So I was following the news and basically it was appalling to see some of the discourse around “how should Arab people integrate into Quebec.” It quite obviously came from a place of intolerance. Then I realized that the caustic intolerance that I was observing in society was a perfect metaphor for the sort of acidic environment of the clouds of Venus. And so I wrote that story, but there was so much more to it that — as soon as I had sold it to Analog — I realized I had another novel or two in me dealing with those kinds of characters, that kind of political setting and that kind of metaphorical environment.

(9) IN COUNTRY. Paste Magazine says Lovecraft Country’s Pulpy Call Is One Even Cthulhu Couldn’t Resist”.

Ranging from Chicago’s South Side (the show was partially shot in Chicago’s Pilsen neighborhood) to the eerie East Coast where Lovecraft’s tales haunted their hapless sailors and professors, Lovecraft Country tracks the cruel magicks of legacy while pointing out at every turn that its genre’s legacy is steeped in racism. Just because Lovecraft was a racist dickhead on a cosmic scale doesn’t mean Atticus Freeman (Jonathan Majors) doesn’t love his brand of fiction. Tic and his Uncle George (Courtney B. Vance) kick off the series on a Jim Crow-defying quest to find Atticus’ missing father (Michael K. Williams)—who’s off in search of their family’s secretive and spooky “birthright”—accompanied by Tic’s childhood friend Letitia (Jurnee Smollet).

….[It] could be a magical universe that exists just under the surface of his own, but it’s certainly not an exciting call to adventure. It’s trouble. Why? Because he’s Black, and Blackness doesn’t mix well with America’s entrenched systems—even if they’re magical ones.

This simple twist works to deconstruct the more conventional aspects of the series. That doesn’t mean the show lacks convention: there’s always water rising or bridges collapsing or demons seducing or heroes smooching. If a magazine from the ‘50s featured it on the cover, you can bet it’ll be bolder and Blacker in Lovecraft Country.

(10) HOT ON THE TRAIL. Alexis Soloski’s not-uncritical but interesting piece on Lovecraft in today’s New York Times is made timely by the imminent premier of Lovecraft Country. “Gods, Monsters and H.P. Lovecraft’s Uncanny Legacy”.

…Broadly — and with plenty of exceptions — Lovecraft’s stories suggest huge and unfathomable horrors lurking just beneath the surface of the mundane world. Filled with miscegenation, tentacles and unspeakable dread, his works often begin with ordinary or ordinary-seeming men drawn into extraordinary and otherworldly situations. Almost no one gets out alive or sane. His brand of weird is gooey and misanthropic, with an insistence that the universe is at best indifferent to human life and at worst antagonistic.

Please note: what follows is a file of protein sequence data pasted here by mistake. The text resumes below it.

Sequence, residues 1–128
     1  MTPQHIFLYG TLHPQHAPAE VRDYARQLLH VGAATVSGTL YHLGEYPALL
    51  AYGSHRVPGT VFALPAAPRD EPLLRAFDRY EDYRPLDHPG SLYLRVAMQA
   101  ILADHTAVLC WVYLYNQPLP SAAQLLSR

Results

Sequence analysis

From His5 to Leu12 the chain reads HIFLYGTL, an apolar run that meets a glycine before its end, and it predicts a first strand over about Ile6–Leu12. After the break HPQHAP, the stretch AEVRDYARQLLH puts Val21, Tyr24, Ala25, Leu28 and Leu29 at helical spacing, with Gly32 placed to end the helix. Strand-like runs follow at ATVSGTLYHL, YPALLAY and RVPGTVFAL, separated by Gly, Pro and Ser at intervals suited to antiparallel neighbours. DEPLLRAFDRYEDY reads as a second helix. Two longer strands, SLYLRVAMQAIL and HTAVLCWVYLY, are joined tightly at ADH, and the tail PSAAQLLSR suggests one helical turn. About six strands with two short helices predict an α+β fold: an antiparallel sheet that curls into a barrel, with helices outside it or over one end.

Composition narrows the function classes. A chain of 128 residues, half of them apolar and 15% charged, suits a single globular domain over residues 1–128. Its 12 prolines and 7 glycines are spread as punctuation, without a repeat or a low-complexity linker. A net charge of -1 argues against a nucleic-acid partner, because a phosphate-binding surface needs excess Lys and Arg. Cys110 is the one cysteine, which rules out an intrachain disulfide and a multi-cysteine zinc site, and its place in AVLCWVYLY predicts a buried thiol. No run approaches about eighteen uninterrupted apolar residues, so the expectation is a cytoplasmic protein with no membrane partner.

To adapt a Lovecraft work is to reckon with a troubled and troubling legacy — blatant racism and sexual phobias blight much of his work. Still, he remains influential, with his sinister, squishy qualities still felt across media — television, film, fiction, comics, video games, role-playing games, visual art, plushies — and multiple genres. The stomach monster from “Alien”? Extremely Lovecraft. That giant squid from “Watchmen”? Lovecraft again. The devouring Shoggoths from the “Lovecraft Country” pilot? A squelching tip of the hat.

If you don’t know your Yog-Sothoth from your Shub-Niggarath — good! Run while you can! But if you hold your sanity lightly, here is a brief guide to the man, the monsters and the popular culture slime trail his works have left behind.

(11) SINCE TOLKIEN. “From Tolkien to Hungarian folklore: a brief history of Hungarian fantasy literature” in Daily News Hungary is an English-language article by Barbara Simon.


  • August 7, 1940 — The Adventures Of Superman radio program aired “Taos: Pillar Of Fire At Graves End”. It starred Bud Collyer and Joan Alexander but the former was kept a secret from the audience for another six years. Based on the comic created by Jerry Siegel and Joe Shuster in 1938, Superman, it was thought that it would be better if the actor was more mysterious, so he was kept anonymous. 


[Compiled by Cat Eldridge and John Hertz.]

  • Born August 7, 1871 – Abanindranth Tagore.  Writer, painter, bridger of Euro-American and Asian artwork.  Literary fame for Bengali stories as told to children.  Nephew of Rabindranath Tagore, helped clear RT’s road to the Nobel Prize for Literature.  Fantasy elements integral.  Brought Chinese and Japanese elements into his own graphics.  See hereherehereherehere.  On his Khirer Putul Wikipedia says “sugar doll”, the French translation has “cheese doll”, which both miss the metaphor of khir.  (Died 1951) [JH]
  • Born August 7, 1903 Rudolf Ising. He was an early staffer to Walt Disney who left to create the Looney Tunes and Merrie Melodies cartoons at Warner.  He produced Hanna and Barbera’s first cartoon, Puss Gets the Boot, a cartoon featuring characters later known as Tom and Jerry. He was the first independent cartoon producer to win an Academy Award. (Died 1992.) (CE)
  • Born August 7, 1928 – Milton Lesser.  For us eight novels, a hundred sixty stories, see hereherehere; letters in AmazingAstonishingFantasticPlanet.  Fictional memoirs of Cervantes, Columbus (won Prix Gutenberg du Livre), Goya, Poe.  Life Achievement Award from Private Eye Writers of America.  (Died 2008) [JH]
  • Born August 7, 1933 – Jerry Pournelle, Ph.D.  Thirty novels, a dozen shorter stories, three dozen anthologies, many with co-authors; two hundred essays, letters, in AlgolThe Alien CriticDestiniesGalaxyOmniThe Patchin ReviewSF AgeSF ChronicleSF ReviewStarshipTrumpet; translated into Croatian, Dutch, French, German, Italian, Japanese, Russian, Spanish.  Lucifer’s Hammer and Footfall (with Larry Niven) on NY Times Best-Sellers list.  Seventh SFWA President (Science Fiction & Fantasy Writers of America).  Writers & Illustrators of the Future Lifetime Achievement Award.  Aerospace.  Computer journalist.  Founding President of Pepperdine Research Institute.  We met for lunch and disagreed.  (Died 2017) [JH]
  • Born August 7, 1936 Richard L. Tierney, 84. A Lovecraftian scholar. Coauthored with David C. Smith, a series of Red Sonja novels which have Boris Vallejo cover art. Some of his standalone novels riff off the Cthulhu Mythos. Unless you read German, he’s not available digitally on either iBooks or Kindle. (CE)